US Muslims, Arab Americans feel uncomfortable divide By Tony Czuczka
Deutsche Presse Agentur
Monday September 4, 2006
Washington- When Arab suicide hijackers slammed planes into the World Trade Centre and the Pentagon five years ago, they also plunged Muslim Americans into a storm of suspicion that has yet to blow over. Reports of assaults, harassment and other abuses against Arab Americans and US Muslims, while below the soaring levels right after the September 11, 2001 attacks, have risen again in the past two years, in part because of the US-led war on Iraq.
The active resentment is part of a climate of lingering distrust toward a slice of the US population, otherwise widely seen as much more assimilated into mainstream society than Muslims in Western Europe.
But in America's post-9/11 trauma, cracks have opened in the US self-image that people are first Americans and only then members of ethnic or religious groups.
"Even second- and third-generation people born here encounter problems and are afraid of encountering problems," said James Zogby, head of the Arab American Institute in Washington.
"People are afraid it's spreading, and that's the problem," he told Deutsche Presse-Agentur dpa.
Recent research highlights Arab-American fears that the government is spying on them, and a rise in tension with law enforcement and justice officials, who have been accused of ethnic and religious stereotyping.
Studies also found that Arab Americans are more than twice as prone to depression than average Americans and that their wages have fallen since 2001, especially in areas with high levels of hate crimes.
On the other side of the divide, many Americans view Muslims negatively. A USA Today poll in August found 39 per cent believe that Muslims, even US citizens, should carry special identification as an anti-terrorist measure.
Already, anti-Muslim discrimination ranges from nasty e-mails at work to hate crimes such as mosque burnings. Recent immigrants, store owners and students are most at risk, especially if they wear obviously Arab or Muslim clothing, Zogby said.
Pressure groups for the estimated 6 million Muslims in the US also fault public officials, including President George W Bush for saying the US is at war with "Islamic fascists."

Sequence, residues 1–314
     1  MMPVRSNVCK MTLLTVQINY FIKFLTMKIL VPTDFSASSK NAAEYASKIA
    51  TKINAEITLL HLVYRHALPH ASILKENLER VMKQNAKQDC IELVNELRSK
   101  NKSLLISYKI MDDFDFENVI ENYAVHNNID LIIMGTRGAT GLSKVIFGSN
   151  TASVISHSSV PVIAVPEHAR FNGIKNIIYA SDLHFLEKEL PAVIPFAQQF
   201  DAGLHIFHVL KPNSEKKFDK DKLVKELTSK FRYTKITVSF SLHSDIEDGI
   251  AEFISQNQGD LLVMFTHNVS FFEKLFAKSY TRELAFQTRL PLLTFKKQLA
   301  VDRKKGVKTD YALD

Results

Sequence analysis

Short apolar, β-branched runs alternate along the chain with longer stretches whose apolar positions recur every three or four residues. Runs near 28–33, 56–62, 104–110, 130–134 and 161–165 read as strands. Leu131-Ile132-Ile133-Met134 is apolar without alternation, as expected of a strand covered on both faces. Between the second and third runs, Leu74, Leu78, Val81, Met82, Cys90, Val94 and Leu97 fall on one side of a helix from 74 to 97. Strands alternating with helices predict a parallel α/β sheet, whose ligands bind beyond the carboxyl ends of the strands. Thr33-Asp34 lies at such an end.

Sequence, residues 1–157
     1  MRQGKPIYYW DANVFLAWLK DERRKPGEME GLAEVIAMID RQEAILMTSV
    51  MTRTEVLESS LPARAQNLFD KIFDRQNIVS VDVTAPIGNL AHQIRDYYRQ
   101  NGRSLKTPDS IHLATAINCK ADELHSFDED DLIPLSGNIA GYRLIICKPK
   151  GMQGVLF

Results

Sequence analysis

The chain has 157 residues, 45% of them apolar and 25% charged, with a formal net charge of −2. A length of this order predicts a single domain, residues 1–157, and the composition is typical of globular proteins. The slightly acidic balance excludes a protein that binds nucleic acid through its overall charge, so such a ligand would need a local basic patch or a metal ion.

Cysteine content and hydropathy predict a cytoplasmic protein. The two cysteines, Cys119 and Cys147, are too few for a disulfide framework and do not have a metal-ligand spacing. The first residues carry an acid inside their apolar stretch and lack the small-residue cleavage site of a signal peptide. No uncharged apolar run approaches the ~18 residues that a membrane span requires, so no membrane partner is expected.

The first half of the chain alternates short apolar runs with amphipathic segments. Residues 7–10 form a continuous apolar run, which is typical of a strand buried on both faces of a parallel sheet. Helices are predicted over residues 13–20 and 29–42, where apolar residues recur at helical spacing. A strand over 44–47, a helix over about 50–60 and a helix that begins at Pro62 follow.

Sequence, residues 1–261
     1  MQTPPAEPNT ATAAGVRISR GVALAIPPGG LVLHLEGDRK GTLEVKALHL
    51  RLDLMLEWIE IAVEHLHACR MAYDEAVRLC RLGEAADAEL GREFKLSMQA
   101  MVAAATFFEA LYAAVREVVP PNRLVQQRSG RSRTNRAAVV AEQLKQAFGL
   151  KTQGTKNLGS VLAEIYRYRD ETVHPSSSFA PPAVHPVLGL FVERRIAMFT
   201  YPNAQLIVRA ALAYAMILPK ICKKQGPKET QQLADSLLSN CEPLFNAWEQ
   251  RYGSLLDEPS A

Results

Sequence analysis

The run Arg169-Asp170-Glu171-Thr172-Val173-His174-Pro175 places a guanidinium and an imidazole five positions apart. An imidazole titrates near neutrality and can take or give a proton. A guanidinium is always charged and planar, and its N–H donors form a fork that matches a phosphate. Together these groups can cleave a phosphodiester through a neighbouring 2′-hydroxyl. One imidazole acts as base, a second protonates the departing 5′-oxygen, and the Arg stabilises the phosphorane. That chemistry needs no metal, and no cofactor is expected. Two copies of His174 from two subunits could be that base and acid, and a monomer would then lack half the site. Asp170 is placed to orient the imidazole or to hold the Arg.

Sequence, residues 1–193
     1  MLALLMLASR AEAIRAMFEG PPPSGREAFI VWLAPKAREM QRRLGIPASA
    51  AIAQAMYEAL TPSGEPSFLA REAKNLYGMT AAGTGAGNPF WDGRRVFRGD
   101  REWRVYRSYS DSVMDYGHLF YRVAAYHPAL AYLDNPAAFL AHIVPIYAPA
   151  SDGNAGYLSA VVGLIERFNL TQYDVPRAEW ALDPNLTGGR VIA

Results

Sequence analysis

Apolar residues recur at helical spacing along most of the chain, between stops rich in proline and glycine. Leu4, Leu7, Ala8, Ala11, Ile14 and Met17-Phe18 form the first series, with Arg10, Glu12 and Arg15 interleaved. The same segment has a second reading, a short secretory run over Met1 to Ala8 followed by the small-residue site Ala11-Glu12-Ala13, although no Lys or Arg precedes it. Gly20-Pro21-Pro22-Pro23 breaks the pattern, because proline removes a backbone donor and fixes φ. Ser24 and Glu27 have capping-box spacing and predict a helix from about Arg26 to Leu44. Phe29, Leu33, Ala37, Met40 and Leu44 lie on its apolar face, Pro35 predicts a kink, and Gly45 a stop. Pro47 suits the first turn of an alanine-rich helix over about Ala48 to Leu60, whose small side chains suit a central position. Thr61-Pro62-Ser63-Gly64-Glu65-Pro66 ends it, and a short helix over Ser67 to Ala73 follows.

Bush has repeatedly used the image in an effort to liken the US- declared war on terrorism to the World War II mobilization against Nazism.
Yet for a European observer, the standing of US Muslims can still look pretty positive.
Mounir Azzaoui, spokesman for the Central Council of Muslims in Germany, highlighted contrasts between US and European Muslims after travelling the US for weeks to meet Muslims, Jews and Christians there.
"The thing that impressed me the most was meeting American Muslims. They are proud to be Americans, and they are optimistic," Azzaoui, 28, told dpa after his US government-sponsored tour. "They look into the future."
However, a recent investigation by the Washington Post came up with a different portrayal. It concluded that, while generally not radicalized, US Muslims "are becoming a people apart" who are increasingly seeking comfort in Islam rather than the American dream.
US Muslims also felt targeted after media reports last year revealed a Bush administration anti-terrorist programme to record data on phone calls between US residents and people abroad.
The Vera Institute, a private New York-based research group that interviewed hundreds of Arab Americans and US law enforcement officials in 2003-05, found that the US domestic reaction to September 11 "generated substantial fear among Arab Americans."
"But even more than fear of being physically assaulted or victimized by other individuals, Arab Americans fear falling victims to government actions, especially through immigration enforcement and surveillance," said the study published in June.
Arab and Muslim men working in the US also suffered economically, according to a study to be published in the Journal of Human Resources.
Wages of first- and second-generation immigrants from mainly Muslim or Arab countries fell about 10 per cent in the years after the September 11 attacks, with the biggest drop in areas with high rates of hate crimes, the study said.
But despite the shifting relationship, community leaders like Zogby say they see powerful reasons for Arab Americans and Muslims to remain loyal to secular US ideals.
For Zogby, Arab Americans - who include many Christians - are politically better organized and more likely to work in well-paid professions. They also have over-all better chances of advancement than in Europe, he believes.
Also heartening, he said, were the hundreds of US communities that took stands against anti-Muslim abuses after September 11 and the hate crimes that have gone to court for punishment.
"Who is protecting us? First and foremost, the American people," Zogby said. "At the end of the day, there's a self-definition of our country that says we're not going to let this happen."
© 2006 DPA - Deutsche Presse-Agenteur